By Thabane L.
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Extra info for A closer look at the distribution of number needed to treat (NNT) a Bayesian approach (2003)(en)(6s)
Two chips are to be drawn successively, at random and without replacement. We want to compute the probability that the ﬁrst draw results in a red chip (C1 ) and that the second draw results in a blue chip (C2 ). It is reasonable to assign the following probabilities: P (C1 ) = 3 8 and P (C2 |C1 ) = 57 . 2679. 3. From an ordinary deck of playing cards, cards are to be drawn successively, at random and without replacement. The probability that the third spade appears on the sixth draw is computed as follows.
3) shows that P (X = 0) = 0 and we can assign fX (0) = 0 without changing the probabilities concerning X. The probability that a part has a lifetime between one and three years is given by 3 P (1 < X ≤ 3) = FX (3) − FX (1) = e−x dx. 1 That is, the probability can be found by FX (3) − FX (1) or evaluating the integral. 318. 1 shows that cdfs are right continuous and monotone. Such functions can be shown to have only a countable number of discontinuities. As the next theorem shows, the discontinuities of a cdf have mass; that is, if x is a point of discontinuity of FX , then we have P (X = x) > 0.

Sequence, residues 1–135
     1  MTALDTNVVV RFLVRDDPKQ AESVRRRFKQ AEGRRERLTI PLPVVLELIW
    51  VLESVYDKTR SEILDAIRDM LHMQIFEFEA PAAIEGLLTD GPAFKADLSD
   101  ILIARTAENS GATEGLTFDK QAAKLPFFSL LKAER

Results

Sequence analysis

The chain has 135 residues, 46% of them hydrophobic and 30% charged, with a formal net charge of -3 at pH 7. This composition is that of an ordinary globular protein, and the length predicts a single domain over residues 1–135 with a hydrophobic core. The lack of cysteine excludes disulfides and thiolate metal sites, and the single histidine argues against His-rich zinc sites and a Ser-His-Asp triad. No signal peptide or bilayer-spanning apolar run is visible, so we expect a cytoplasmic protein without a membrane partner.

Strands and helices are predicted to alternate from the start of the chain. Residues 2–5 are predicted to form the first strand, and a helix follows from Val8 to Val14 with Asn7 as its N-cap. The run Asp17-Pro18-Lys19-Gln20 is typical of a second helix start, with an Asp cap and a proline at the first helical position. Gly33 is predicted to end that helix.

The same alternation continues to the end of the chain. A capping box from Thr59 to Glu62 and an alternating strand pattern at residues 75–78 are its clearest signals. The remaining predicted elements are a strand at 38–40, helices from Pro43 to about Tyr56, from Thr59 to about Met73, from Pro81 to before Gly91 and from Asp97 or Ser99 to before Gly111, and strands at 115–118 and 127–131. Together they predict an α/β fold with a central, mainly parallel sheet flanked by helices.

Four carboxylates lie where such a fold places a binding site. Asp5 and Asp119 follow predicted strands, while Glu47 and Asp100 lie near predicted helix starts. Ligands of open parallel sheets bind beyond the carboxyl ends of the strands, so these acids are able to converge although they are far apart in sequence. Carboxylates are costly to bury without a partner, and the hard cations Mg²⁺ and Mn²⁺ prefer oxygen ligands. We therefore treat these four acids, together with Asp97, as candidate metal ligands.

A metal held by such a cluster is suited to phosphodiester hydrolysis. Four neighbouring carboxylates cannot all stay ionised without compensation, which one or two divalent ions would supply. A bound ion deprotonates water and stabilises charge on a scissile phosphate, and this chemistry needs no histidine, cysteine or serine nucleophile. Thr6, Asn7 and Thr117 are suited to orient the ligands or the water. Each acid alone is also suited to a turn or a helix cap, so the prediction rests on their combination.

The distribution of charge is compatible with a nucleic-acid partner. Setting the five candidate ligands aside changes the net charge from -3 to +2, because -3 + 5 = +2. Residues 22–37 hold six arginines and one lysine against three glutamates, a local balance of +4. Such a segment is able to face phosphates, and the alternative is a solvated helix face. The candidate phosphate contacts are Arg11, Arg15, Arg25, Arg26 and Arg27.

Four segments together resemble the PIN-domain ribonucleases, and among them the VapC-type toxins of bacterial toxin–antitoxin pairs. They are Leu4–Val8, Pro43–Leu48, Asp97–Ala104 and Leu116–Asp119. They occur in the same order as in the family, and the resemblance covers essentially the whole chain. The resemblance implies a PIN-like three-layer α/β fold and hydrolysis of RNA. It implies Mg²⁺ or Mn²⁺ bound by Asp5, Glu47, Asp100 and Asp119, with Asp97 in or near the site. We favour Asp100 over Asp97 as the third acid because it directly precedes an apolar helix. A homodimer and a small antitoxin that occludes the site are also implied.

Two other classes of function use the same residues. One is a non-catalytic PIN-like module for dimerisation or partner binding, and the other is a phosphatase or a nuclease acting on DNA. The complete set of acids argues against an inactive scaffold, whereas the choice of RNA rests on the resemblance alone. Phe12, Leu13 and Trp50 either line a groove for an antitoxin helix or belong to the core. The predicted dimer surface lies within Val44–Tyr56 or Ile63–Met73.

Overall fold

Suppose g(x) is strictly monotonically decreasing. 9) becomes FY (y) = 1 − FX (g −1 (y)). Hence, the pdf of Y is fY (y) = fX (g −1 (y))(−dx/dy). But since g is decreasing, dx/dy < 0 and, hence, −dx/dy = |dx/dy|. 8) is true in both cases. Henceforth, we refer to dx/dy = (d/dy)g −1 (y) as the Jacobian (denoted by J) of the transformation. In most mathematical areas, J = dx/dy is referred to as the Jacobian of the inverse transformation x = g −1 (y), but in this book it is called the Jacobian of the transformation, simply for convenience.